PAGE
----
When I started writing about baseball, it was through fantasy baseball. My site is indeed aptly named Fantasy Baseball 365. So, I would be remiss not to write something related to fantasy baseball and the Red Sox. Lucky for the Sox, there are plenty of players to write about.
12 team mixed league projected auction values are attached to the player names ($260 budget).
When the rumors started this offseason about Carl Crawford, I was worried that he might end up with the Angels, from a roto perspective. Crawford has spent his entire career in the AL East and would have been moving to a ballpark that would have likely hindered his home run output. Also, unlike where he ended up signing, the Halos don’t have the offensive firepower to backup his counting stats like runs and RBI. When Crawford signed with Boston, however, there were no such worries. Not only will he remain in the AL East, but he’ll play his home games in a great hitter’s park and have the lineup support to hold steady, if not succeed, his former R/RBI career highs.
Before his trade to the Sox this offseason, Adrian Gonzalez has considered a very good roto first baseman, but not anything resembling a first-rounder. Well, all that changed, and fast. Once A-Gone’s trade to Beantown become official, even I forwent the normal statistical breakdown and simply posted this.
A-Gone is now an early second round pick at worst and has often been seen as a first round pick. As long as his shoulder is good-to-go on opening day, he should have a huge season.
I think Jon Lester is going to be a steal of a value in 2011. Not many rankings have him as high as I do — third starting pitcher behind Felix Hernandez and in front of Tim Lincecum. Everything is in line for Lester to continue to be a dominant starter. With the improved offense and speed on defense (assuming health), there is no reason that Lester can’t lead the league in wins. Though I’m not a big fan of projecting wins, it is a part of the roto game. Lester has every chance to pitch like an ace the entire season and is my pre-season favorite for the AL Cy Young.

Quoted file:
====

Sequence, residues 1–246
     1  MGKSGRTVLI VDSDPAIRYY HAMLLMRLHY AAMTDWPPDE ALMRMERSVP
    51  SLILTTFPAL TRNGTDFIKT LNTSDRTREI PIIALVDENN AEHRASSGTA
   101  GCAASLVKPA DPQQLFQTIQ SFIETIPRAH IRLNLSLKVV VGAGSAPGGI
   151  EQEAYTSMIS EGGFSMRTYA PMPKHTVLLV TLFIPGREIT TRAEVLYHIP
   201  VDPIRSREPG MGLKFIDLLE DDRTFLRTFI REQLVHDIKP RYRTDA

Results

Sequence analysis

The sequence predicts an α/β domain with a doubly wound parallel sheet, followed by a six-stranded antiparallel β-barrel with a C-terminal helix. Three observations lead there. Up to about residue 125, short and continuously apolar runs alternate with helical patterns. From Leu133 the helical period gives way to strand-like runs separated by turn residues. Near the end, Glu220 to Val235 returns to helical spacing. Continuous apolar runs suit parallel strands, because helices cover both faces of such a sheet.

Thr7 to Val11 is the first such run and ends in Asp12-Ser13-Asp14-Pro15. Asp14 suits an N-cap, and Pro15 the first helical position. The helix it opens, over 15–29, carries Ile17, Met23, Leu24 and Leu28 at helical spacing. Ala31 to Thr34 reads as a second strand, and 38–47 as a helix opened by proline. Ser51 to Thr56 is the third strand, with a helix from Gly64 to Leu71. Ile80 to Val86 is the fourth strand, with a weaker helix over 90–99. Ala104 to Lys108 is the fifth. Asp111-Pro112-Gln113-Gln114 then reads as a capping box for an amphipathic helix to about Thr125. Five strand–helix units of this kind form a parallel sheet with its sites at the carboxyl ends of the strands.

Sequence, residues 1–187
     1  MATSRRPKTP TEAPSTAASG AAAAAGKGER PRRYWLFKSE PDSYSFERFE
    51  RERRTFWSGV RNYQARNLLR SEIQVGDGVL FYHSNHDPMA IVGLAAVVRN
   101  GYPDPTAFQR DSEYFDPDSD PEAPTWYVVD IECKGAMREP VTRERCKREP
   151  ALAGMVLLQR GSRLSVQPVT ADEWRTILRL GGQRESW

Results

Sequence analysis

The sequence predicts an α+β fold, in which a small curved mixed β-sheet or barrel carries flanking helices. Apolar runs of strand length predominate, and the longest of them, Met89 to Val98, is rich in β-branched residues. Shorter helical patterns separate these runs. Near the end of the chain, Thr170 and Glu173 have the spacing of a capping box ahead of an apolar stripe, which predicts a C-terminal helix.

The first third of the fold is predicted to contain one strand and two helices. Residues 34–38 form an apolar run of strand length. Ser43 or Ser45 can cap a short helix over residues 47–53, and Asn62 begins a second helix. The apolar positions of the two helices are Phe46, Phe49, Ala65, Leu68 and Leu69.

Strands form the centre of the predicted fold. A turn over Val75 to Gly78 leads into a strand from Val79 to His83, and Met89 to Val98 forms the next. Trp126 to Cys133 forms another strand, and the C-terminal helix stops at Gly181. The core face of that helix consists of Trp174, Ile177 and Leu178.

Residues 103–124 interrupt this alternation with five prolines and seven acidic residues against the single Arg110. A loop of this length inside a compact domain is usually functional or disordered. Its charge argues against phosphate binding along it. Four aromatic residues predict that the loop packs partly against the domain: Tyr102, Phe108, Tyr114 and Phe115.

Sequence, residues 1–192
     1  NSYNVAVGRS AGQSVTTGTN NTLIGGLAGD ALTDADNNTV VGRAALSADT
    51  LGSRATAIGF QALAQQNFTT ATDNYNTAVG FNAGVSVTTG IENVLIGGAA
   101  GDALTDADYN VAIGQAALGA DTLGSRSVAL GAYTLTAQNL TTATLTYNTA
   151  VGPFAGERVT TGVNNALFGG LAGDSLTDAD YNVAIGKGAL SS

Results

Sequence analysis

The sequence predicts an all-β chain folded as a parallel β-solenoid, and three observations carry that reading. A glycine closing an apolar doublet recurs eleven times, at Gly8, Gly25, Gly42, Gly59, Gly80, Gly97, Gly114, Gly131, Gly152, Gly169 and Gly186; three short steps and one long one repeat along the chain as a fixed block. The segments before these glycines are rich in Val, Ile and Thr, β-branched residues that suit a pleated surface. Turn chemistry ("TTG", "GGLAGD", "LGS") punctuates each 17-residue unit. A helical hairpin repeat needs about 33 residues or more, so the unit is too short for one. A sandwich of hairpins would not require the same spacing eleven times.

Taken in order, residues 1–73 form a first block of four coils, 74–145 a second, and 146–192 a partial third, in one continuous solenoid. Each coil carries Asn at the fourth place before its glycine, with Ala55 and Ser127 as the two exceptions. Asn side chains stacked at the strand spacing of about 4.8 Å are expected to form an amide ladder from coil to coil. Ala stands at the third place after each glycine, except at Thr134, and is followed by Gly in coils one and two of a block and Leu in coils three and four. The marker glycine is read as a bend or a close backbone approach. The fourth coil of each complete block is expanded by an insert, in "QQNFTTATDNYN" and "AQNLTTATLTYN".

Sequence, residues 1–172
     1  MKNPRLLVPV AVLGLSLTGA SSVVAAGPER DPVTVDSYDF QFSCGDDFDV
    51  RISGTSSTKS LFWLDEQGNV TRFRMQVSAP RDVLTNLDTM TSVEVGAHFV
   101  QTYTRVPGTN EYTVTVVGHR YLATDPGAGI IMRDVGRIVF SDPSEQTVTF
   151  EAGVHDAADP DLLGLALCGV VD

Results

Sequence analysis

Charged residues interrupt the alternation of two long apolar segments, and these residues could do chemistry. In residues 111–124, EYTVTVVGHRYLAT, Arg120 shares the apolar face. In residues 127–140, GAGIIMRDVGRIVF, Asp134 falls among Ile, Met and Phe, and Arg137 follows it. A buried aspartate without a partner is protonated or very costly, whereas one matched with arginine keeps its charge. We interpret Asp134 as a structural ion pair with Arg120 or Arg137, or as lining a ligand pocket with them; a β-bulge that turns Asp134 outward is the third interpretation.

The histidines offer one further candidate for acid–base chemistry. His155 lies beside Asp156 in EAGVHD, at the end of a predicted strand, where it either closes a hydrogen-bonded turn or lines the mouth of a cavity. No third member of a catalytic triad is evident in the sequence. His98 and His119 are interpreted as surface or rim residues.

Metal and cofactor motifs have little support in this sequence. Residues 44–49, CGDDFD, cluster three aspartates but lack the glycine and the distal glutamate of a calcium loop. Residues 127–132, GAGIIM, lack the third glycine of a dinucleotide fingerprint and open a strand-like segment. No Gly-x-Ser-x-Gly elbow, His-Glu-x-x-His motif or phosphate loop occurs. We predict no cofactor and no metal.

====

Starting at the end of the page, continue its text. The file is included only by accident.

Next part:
The $22 price tage attached to Youk is somewhat due to his soon-to-be third base eligibility. I don’t think he’ll have his best season, but the production should be there again and third base has some depth issues on draft day.
Jacoby Ellsbury may be the most aggressive projection of this group. If he is healthy, which seems to be the case, he’ll be an elite source of stolen bases and won’t hurt fantasy teams in the AVG department. While there are some other nice speed options to be had later in the draft, Ellsbury comes with the upside for a ton of runs if he hits leadoff all season long.
If you can handle a DH-only option: David Ortiz $10
We’ve covered Ortiz’s struggles against lefties a couple of times, but leagues that allow daily roster moves can take advantage and sit him when he is scheduled to face a southpaw. His lack of a position limits his overall value, on top of a projection that involves a little regression.
photo © 2006 Waldo Jaquith | more info (via: Wylio)
I think Papelbon comes back strong and avoids some of the blowups that hurt his ERA last season. The save opportunities will be their in bunches. He’s in my second tier of closers for 2011.
Chip took a look at Clay Buchholz and the expected regression in 2011. I have to agree that chances are Buchholz doesn’t find the same success he did in 2010, but that he shouldn’t just fall flat on his face either. He’s a quality major league pitcher that has been able to get a good amount of ground balls and limit line-drives over the past two seasons. If Buchholz regresses to a 3.70 ERA, say, he’ll still be a nice part of anyone’s fantasy team, but only at the right price.
Josh Beckett displayed signs of his dominant self last season (8.2 K/9 and 2.6 K/BB rate), but he was hurt by the long-ball (1.41 HR/9), the highest BABIP against of his career (.338) and injuries. A healthy Beckett should be a valuable pick on draft day, since his stock seems low. My projections for him are conservative, however.
I think all of these players have potential for some type of value, especially in deeper mixed and AL-only leagues. Lackey should bounce back a bit, but he just doesn’t seem like the pitcher he was in his heyday. Lowrie has more upside than Scutaro in the roto game, but he needs to find the playing-time to hold real value.
For those AL-only GM’s that are looking for a late round sleeper from the Sox; take a long look at Ryan Kalish. There is more than one scenario in which he sees plenty of playing-time with the big club in 2011.
Categories: Clay Buchholz Daisuke Matsuzaka Daniel Bard David Ortiz Dustin Pedroia J.D. Drew Jacoby Ellsbury Jed Lowrie John Lackey Jon Lester Jonathan Papelbon Josh Beckett Josh Papelbon Kevin Youkilis